Reflecting recently after a long, exhausting week of instruction, I was trying to think through the firearms courses and the students that I’ve been fortunate enough to train. The outcome was a bit jumbled, though. I’ve taught a lot of classes. And without going through paperwork and databases, I’ve lost count.
Of course, sometimes certain moments and certain people stand out; there have been various triumphs and challenges that seem to come to mind rather quickly. And I often remember faces and expressions … especially after a student has taken his or her very first shot. I’ve seen shock, excitement, enjoyment, contentment, anxiety, uncertainty, curiosity, confidence, arrogance, surprise, awe and alarm. Pun intended, I’ve seen quite a range of emotions. (If you’ve taught firearms classes, I’m sure you’ve seen just about every reaction too!)
That got me thinking about a recent event in which a few of my students cried. Of course, the circumstances included very long days of intense training in very frigid temperatures. One gentleman shed a few tears as we debriefed, likely out of pure relief and gratefulness that the course was finally complete! Another student teared up earlier that day, likely out of pure frustration and nervousness that we still had much to accomplish. The tears didn’t surprise me. It didn’t seem to bother anyone else, either. I’ve seen my share of crying … for a seemingly unending variety of reasons.
In fact, two years ago, I wrote a blog post about crying on the shooting range (specifically about the women in my classes) and about how sometimes tears do fall — from fear about a painful past all the way to excitement about hitting a target. It’s something that firearms instructors see and need to address. As long as safety is never compromised, varied emotions on the range are nothing unusual or terrible. So it bewildered me when a few responses to the original post included attacks on the people who had shed tears, insisting that they shouldn’t be on the range with guns, as well as attacks on me, stating that I was being chauvinistic and misogynistic.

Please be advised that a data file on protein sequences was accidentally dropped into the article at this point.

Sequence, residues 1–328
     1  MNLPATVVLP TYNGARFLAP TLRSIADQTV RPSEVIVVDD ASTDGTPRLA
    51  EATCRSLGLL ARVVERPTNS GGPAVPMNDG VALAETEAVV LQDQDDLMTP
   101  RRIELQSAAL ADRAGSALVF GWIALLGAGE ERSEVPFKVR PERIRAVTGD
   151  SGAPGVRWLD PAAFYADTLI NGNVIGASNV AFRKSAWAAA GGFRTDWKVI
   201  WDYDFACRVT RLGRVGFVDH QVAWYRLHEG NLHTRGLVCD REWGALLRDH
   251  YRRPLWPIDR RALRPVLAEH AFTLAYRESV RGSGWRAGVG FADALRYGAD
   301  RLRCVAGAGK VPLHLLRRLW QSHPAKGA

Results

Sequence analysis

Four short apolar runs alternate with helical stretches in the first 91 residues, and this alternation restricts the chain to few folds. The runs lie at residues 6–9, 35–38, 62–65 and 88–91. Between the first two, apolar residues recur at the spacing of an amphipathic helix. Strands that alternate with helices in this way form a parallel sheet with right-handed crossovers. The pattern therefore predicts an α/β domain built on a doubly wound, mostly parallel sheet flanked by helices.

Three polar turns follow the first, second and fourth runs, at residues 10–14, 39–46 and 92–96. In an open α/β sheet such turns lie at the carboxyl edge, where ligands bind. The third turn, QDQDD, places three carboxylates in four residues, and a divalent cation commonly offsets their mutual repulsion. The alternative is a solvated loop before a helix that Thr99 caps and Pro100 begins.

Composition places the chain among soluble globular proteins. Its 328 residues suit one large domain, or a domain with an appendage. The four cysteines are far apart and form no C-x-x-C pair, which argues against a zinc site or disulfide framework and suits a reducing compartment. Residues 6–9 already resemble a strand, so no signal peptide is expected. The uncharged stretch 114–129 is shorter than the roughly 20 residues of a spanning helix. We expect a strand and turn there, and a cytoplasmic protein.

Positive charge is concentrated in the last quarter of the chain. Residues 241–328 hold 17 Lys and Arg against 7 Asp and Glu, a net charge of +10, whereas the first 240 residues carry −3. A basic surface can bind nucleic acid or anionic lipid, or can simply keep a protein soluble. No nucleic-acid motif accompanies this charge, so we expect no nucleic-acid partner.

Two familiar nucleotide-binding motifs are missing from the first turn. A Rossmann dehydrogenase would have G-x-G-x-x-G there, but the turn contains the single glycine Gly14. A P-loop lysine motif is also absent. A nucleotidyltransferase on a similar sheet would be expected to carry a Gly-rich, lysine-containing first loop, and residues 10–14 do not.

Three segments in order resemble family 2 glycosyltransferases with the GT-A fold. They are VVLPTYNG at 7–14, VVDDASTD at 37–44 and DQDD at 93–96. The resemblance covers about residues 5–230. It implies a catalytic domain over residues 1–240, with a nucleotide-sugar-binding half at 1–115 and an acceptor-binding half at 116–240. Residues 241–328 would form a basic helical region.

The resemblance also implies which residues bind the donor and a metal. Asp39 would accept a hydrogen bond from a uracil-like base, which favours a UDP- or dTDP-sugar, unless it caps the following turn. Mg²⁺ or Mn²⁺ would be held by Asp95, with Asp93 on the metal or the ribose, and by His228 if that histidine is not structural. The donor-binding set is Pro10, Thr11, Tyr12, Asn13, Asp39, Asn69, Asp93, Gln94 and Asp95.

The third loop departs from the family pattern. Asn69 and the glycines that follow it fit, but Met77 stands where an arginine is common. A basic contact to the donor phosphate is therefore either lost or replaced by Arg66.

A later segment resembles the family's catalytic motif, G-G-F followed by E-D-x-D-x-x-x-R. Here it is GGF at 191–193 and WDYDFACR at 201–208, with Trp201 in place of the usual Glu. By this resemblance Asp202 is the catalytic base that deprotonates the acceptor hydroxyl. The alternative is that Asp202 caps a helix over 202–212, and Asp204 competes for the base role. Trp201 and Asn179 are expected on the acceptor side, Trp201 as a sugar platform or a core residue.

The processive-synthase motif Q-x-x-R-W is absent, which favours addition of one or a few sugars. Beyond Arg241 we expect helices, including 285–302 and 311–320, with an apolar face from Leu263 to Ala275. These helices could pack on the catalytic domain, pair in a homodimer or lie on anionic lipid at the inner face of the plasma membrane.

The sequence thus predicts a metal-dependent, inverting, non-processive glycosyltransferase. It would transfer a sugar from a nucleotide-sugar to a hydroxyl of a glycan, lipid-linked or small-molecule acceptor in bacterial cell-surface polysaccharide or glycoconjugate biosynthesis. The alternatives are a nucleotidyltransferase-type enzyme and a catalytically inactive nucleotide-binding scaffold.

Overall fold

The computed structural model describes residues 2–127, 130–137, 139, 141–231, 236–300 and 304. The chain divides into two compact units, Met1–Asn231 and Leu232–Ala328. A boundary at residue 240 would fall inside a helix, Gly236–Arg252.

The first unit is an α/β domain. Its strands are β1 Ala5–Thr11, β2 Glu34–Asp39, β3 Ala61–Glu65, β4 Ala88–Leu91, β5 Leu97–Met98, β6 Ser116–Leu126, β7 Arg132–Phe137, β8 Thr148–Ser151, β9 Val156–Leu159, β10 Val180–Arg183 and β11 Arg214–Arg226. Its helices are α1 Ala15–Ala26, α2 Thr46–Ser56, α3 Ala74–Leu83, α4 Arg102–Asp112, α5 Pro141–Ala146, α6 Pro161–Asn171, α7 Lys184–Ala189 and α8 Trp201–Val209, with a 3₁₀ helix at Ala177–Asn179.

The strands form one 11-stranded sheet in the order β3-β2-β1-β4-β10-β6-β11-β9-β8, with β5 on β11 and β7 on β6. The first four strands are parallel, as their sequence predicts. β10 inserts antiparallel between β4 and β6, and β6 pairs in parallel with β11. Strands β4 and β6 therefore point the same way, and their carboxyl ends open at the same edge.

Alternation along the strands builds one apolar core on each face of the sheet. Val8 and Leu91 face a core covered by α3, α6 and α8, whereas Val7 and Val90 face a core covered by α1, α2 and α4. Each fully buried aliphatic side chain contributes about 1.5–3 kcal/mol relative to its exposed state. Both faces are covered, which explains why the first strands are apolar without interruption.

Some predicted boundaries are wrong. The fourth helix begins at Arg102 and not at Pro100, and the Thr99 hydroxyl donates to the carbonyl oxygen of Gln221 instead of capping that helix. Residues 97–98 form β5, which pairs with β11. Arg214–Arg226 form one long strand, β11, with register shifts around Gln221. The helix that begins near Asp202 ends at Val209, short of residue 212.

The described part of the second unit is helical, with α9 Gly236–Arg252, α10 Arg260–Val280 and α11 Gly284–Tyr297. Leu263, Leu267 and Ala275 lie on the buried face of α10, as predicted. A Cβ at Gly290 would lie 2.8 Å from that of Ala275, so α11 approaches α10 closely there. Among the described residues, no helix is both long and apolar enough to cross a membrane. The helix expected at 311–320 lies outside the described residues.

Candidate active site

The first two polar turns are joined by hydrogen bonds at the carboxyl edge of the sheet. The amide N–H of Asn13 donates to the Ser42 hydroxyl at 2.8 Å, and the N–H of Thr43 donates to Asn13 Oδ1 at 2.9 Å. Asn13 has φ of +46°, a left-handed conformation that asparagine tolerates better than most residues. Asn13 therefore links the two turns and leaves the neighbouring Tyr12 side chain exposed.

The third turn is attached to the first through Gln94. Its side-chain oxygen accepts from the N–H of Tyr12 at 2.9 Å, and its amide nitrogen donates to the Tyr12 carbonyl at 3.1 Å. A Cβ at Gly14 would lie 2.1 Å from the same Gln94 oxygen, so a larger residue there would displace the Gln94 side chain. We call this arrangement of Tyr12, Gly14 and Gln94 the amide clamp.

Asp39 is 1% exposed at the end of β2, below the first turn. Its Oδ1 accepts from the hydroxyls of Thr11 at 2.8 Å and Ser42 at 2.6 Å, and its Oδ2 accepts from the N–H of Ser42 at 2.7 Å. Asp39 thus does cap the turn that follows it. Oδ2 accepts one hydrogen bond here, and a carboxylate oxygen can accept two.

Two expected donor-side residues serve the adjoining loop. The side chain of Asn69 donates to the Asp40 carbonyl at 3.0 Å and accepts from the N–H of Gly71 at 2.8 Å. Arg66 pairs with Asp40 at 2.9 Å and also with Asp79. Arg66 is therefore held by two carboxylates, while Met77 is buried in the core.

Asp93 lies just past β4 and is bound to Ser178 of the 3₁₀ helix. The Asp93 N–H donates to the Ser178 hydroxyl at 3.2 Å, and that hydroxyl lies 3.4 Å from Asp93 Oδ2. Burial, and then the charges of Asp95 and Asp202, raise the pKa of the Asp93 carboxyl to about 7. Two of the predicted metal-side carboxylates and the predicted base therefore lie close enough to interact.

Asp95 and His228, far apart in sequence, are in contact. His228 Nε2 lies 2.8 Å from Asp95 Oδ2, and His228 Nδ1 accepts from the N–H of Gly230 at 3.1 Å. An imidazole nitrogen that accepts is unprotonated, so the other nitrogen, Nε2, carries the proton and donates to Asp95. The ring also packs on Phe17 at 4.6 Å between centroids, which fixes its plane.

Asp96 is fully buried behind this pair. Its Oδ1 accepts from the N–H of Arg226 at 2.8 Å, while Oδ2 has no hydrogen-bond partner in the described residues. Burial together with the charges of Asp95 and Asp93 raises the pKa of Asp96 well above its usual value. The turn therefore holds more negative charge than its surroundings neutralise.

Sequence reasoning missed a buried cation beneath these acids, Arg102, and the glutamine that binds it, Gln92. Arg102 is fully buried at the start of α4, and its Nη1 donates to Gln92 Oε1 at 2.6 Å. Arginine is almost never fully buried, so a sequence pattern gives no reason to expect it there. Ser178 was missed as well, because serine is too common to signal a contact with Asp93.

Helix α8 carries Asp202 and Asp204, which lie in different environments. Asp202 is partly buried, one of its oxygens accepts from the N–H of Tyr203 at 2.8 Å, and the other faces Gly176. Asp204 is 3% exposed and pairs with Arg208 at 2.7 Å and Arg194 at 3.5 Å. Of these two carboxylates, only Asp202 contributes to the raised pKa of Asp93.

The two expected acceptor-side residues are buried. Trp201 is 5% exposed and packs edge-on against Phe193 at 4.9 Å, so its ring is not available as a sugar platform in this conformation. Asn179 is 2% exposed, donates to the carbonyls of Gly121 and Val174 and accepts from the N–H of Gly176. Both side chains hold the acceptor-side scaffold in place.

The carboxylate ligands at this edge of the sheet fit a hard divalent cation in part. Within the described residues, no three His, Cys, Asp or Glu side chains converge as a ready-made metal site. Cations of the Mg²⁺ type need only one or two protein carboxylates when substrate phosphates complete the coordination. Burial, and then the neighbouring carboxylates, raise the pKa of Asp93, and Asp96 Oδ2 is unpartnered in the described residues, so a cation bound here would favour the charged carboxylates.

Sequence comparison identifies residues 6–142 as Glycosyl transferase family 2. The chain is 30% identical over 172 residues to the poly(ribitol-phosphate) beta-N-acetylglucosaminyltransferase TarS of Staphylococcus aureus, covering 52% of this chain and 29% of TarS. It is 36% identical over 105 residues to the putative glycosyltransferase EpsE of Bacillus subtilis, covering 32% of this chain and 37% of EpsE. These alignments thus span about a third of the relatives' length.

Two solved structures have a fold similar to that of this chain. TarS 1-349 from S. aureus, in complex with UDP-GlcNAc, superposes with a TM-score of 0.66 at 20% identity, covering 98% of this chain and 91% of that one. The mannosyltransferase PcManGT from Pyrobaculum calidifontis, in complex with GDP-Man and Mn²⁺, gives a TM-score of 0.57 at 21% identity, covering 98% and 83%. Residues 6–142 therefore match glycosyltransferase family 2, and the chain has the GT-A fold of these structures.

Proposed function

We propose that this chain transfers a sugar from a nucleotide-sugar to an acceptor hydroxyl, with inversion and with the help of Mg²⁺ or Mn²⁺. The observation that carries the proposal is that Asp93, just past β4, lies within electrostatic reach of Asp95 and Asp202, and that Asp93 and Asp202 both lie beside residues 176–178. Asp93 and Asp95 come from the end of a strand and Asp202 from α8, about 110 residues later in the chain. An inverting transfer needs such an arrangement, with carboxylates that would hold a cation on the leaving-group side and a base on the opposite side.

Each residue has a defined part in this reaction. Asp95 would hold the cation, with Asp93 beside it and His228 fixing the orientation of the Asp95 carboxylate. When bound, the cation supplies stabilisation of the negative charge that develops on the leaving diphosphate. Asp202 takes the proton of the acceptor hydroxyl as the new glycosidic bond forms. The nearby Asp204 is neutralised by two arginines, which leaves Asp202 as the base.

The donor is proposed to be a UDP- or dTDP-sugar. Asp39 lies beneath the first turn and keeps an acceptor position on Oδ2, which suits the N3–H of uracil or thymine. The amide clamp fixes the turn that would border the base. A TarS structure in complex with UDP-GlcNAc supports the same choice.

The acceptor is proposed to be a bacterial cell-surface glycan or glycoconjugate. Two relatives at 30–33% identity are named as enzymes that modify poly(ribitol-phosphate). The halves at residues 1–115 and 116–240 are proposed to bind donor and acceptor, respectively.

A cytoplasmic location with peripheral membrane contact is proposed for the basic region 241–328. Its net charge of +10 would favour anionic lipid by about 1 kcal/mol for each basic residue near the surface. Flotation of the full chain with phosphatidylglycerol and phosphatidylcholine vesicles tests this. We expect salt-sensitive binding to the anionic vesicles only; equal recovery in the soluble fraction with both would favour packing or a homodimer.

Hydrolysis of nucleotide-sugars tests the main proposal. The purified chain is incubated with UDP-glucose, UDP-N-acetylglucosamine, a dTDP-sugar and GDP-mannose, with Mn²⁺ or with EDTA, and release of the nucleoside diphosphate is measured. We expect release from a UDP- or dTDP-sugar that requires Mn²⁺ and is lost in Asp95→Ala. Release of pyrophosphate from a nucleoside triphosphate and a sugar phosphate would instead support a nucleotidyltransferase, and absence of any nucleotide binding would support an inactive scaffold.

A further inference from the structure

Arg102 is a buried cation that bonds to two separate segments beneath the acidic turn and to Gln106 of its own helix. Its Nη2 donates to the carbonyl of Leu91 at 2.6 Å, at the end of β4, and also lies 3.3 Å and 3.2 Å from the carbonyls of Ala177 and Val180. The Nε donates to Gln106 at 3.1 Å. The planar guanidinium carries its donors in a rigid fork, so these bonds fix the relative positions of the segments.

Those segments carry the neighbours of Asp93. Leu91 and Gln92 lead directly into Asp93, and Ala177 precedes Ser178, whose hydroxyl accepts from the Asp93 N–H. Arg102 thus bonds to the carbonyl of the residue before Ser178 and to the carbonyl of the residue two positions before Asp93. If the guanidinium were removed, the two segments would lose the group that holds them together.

Just to clarify: Tears on the range aren’t always dangerous or mysterious … nor are they reason to check someone’s mental capacity or yank a gun out of his or her hands. And, honestly, I’m not sure how talking about the issue of crying on the range (and the possible reasons for those tears) would be chauvinistic or misogynistic.
A chauvinist is someone who believes in the superiority of his or her cause or group. And the typical male chauvinist is known to patronize, criticize or otherwise denigrate females in the belief that women are inferior to men and, thus, are deserving of less than equal treatment or benefit. And a misogynist is not simply a person who mistrusts and mistreats women but a person who despises women who are not subordinate … such as women with power and status or women who can stand up for themselves and make their own decisions.
Recognizing and addressing tears — or any emotion, really — isn’t belittling or demeaning. Want to see a real example of those things? Here you go. About women and firearms, one anonymous male stated:
“That’s the thing I worry about with armed people. Women, for example. The way they spend so much effort making them think every man is out to rape them. I’ve seen women almost get themselves run over by a car trying to give me a wide berth when walking at night. When [women have] succeeded in making a good portion of their group that neurotic, I worry about their decision-making ability.”
The thing is, people have all sorts of reasons for training. And like it or not, they have a lot of emotions caught up in that — whether it’s determination or humiliation or anything and everything in between. While we certainly expect people to come to the shooting range with safety at the forefront, we don’t expect them to shove every feeling to the background. It’s OK to experience and express emotion. It’s OK to question, reflect, flourish and flounder. It’s OK to be human.
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